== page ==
In addition, most MRI centers have adjusted their clinical practice to avoid injecting patients with contrast agents if there is any suspicion of renal insufficiency. Practice guidelines have been published by the American College of Radiology (ACR) (23), and if approved for human use. We suggest that the PARACEST agents will be subject to similar guidelines for their use. It is important to note that since the widespread adoption of the ACR guidelines there were no new cases of NSF reported to the FDA in 2008 and very few since then.

 

Responsive PARACEST Agents. This topic was covered in a more general review of responsive MR contrast agents written by Yoo and Pagel (24). In general, for gadolinium based responsive contrast agents, the chelates are designed to have alterations in relaxivity in response to specific changes in their micro-environment. For example, Vasovist, an intravascular agent which recently received clearance for human studies by the FDA, binds to human serum albumin (HSA), leading to higher relaxivity through an increased tumbling time of the adduct upon binding to this larger protein. Another example of a responsive gadolinium based contrast agent was the seminal report by Meade’s group (25) who reported on a caged chelate with no inner sphere water of hydration. This compound had increased relaxivity because of increased water accessibility to the inner sphere after beta-galactosidase enzymatically cleaved a galactopyranose ligand from the contrast agent. This agent was used to monitor the expression of beta-galactosidase in vivo.

The design of responsive PARACEST agents is based on synthesizing chelates that exhibit changes in either the chemical shift of the bound water or other exchangeable protons on the chelate and/or their lifetime(s) of exchange in response to specific alterations in their micro-environment. Examples of responsive PARACEST agents include agents that respond to temperature 26,27), redox (28), pH (29), glucose (30), lactate (31), nitric oxide (32), and enzyme activity (33). At UTSW we are focusing on an intravascular PARACEST agent and pH sensitive agents.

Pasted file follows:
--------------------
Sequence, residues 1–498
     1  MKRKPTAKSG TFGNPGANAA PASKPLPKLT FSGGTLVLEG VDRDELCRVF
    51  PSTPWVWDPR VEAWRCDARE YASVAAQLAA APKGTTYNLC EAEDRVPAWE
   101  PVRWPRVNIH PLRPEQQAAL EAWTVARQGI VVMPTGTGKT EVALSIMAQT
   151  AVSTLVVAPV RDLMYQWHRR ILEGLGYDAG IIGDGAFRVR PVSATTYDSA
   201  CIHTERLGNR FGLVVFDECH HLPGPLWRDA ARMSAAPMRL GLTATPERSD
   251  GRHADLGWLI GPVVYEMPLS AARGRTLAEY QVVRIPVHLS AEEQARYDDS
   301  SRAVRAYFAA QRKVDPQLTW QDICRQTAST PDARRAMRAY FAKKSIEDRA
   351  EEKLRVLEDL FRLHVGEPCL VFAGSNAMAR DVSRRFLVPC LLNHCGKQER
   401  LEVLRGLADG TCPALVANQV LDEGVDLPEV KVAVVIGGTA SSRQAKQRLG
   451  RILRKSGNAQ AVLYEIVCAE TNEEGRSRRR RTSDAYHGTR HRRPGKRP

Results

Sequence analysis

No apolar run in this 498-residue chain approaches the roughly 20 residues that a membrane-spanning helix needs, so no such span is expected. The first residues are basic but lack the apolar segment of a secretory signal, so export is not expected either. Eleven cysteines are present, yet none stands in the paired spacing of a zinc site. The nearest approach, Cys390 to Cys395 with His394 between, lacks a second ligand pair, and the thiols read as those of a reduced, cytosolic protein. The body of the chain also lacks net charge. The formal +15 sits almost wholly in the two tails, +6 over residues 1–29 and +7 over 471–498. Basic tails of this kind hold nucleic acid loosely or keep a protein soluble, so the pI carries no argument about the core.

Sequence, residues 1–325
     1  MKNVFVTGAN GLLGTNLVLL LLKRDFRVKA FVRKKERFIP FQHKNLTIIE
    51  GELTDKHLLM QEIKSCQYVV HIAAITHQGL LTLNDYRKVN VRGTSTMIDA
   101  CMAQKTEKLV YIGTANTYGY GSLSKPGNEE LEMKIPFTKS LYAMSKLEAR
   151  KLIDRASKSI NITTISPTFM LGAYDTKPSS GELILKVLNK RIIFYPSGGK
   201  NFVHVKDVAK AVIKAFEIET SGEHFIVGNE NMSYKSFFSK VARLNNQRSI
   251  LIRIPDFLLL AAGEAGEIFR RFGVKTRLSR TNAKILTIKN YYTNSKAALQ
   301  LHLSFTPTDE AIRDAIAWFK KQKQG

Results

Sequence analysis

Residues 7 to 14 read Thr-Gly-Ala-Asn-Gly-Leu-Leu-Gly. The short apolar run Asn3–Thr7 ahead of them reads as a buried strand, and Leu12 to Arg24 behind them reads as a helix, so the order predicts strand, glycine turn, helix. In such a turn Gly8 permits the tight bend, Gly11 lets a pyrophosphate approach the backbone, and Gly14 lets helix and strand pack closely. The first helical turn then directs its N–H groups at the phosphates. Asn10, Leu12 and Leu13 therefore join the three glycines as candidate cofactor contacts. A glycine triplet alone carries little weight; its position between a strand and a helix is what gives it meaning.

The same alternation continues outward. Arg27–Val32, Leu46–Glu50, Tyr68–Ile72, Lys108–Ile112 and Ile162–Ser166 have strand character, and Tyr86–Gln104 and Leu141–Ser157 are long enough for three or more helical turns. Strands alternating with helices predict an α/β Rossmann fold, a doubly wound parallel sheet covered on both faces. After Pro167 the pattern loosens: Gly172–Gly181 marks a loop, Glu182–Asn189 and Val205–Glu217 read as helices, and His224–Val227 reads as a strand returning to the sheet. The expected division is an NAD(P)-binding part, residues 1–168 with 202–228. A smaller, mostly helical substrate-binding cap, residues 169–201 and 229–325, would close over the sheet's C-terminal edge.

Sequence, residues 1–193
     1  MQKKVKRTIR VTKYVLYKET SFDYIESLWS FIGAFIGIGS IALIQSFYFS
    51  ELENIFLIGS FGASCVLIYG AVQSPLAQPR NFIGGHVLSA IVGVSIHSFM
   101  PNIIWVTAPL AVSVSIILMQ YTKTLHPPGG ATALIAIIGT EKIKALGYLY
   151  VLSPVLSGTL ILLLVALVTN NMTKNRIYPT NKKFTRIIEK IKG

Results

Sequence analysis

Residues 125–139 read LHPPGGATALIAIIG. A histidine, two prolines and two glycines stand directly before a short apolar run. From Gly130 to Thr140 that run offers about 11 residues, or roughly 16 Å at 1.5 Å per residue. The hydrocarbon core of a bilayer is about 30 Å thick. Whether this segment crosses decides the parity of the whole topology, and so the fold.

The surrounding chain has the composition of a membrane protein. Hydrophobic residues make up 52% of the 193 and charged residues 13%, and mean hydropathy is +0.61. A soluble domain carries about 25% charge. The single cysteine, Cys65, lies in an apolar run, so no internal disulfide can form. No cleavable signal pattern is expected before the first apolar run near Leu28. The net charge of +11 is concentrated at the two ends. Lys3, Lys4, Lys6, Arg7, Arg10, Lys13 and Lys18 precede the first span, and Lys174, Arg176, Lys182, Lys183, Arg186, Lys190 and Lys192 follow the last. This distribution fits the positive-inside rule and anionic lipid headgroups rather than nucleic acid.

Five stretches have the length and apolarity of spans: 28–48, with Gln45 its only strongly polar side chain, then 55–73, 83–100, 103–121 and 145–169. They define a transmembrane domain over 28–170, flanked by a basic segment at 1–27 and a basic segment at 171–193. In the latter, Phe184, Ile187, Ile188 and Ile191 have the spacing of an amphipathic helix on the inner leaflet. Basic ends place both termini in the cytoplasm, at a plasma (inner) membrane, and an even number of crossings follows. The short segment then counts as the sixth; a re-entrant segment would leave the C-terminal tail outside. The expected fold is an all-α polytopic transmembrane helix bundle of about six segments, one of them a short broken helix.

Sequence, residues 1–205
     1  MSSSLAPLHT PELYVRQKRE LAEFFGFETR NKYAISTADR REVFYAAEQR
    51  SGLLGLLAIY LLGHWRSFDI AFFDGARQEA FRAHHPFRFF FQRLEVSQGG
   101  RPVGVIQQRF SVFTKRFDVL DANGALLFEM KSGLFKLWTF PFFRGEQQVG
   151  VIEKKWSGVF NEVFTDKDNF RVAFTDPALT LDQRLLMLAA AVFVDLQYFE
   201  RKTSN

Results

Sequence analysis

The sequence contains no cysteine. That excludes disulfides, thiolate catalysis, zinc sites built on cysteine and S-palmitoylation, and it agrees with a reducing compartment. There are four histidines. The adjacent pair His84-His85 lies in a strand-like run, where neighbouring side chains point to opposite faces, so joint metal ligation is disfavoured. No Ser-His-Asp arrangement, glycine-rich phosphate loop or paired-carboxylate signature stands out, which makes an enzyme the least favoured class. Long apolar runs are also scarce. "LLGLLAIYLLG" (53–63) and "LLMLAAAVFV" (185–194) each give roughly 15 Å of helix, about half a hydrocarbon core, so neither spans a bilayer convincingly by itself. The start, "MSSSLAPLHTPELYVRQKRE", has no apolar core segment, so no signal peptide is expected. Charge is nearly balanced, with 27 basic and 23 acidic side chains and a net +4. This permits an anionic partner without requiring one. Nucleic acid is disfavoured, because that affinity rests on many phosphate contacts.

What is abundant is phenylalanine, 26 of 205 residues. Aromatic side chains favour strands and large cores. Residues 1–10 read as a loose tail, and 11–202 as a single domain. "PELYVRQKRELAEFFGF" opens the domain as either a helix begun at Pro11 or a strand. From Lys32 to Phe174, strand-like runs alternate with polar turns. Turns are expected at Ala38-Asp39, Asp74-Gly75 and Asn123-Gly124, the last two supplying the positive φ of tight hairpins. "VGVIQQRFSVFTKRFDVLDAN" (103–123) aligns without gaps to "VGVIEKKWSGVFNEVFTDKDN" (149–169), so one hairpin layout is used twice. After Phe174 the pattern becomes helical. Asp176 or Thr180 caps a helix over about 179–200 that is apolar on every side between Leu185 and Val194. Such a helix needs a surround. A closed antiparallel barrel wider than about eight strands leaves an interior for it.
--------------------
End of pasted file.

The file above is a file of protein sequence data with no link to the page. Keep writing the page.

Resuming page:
Literature Cited

  1. Ward KM, Aletras AH, Balaban RS. A New Class of Contrast Agents for MRI Based on Proton Chemical Exchange Dependent Saturation Transfer (CEST). J Magn Reson 2000;143(1):79-87.
  2. Ward K, Balaban RS. Determination of pH using water protons and chemical exchange-dependent saturation transfer (CEST). Magn Reson Med 2000;44:799-802.
  3. Goffeney N, Bulte JW, Duyn J, Bryant LHJ, van Zijl PCM. Sensitive NMR detection of cationic-polymer-based gene delivery systems using saturation transfer via proton exchange. Journal of the American Chemical Society 2001;123:8628-8629.
  4. Snoussi K, Bulte JW, Gueron M, van Zijl PCM. Sensitive CEST Agents Based on Nucleic Acid Imino Proton Exchange: Detection of Poly(rU) and a Dendrimer-Poly(rU) Model for Nucleic Acid Delivery and Pharmacology. Magn Reson Med 2003;49:998-1005.
  5. Zhou J, Lal B, Wilson DA, Laterra J, van Zijl PCM. Amide Proton Transfer (APT) Contrast for Imaging of Brain Tumors Magn Reson Med 2003;50:1120-1126.
  6. Zhou J, Payen J-F, Wilson DA, Traystman RJ, van Zijl PCM. Using the amide proton signals of intracellular propteins and peptides to detect pH effects in MRI. Nature Medicine 2003;9:1085-1090.
  7. Wolff SD, Balaban RS. Magnetization transfer contrast (MTC) and tissue water proton relaxation in vivo. Magn Reson Med 1989;10:135-144.
  8. Henkelman RM, Stanisz GJ, Graham SJ. Magnetization transfer in MRI: a review. NMR Biomed 2001;14(2):57-64.
  9. Zhang S, Winter P, Wu K, Sherry AD. A Novel Europium(III)-Based MRI Contrast Agent. Journal of the American Chemical Society 2001;123(7):1517-1518.
  10. Zhang S, Wu K, Sherry AD. Unusually sharp dependence of water exchange rate versus Lanthanide ionic radii for a series of tetraamide complexes. Journal of the American Chemical Society 2002;124:4226-4227.
  11. Grad J. Effects of Cross-Relaxation in Magnetic Resonance [Ph.D.]. Rochester: University of Rochester; 1990. 181 p.
  12. Bloch F. Nuclear Induction. Physical Review 1946;70(7-8):460-474.
  13. McConnell HM. Reaction rates by nuclear magnetic resonance. J Chem Phys 1961;35:41-48.
  14. McConnell HM. Reaction Rates By Nuclear Magnetic Resonance. J Chem Phys 1958;28(3):430-431.
  15. Woessner DE, Zhang S, Merritt ME, Sherry AD. Numerical solution of the bloch equations provides insights into the optimum design of PARACEST agents for MRI. Magn Reson Med 2005;53(4):790-799.
  16. Shellock FG, Kanal E. Safety of magnetic resonance imaging contrast agents. J Magn Reson Imaging 1999;10(3):477-484.
  17. Brucher E. Kinetic stabilities of gadolinium(III) chelates used as MRI contrast agents. Krause W, editor. Berlin: Springer -Verlag; 2002. 103-122 p.
  18. Laurent S, Elst LV, Copoix F, Muller RN. Stability of MRI paramagnetic contrast media: a proton relaxometric protocol for transmetallation assessment. Invest Radiol 2001;36(2):115-122.
  19. Laurent S, Elst LV, Muller RN. Comparative study of the physicochemical properties of six clinical low molecular weight gadolinium contrast agents. Contrast Media Mol Imaging 2006;1(3):128-137.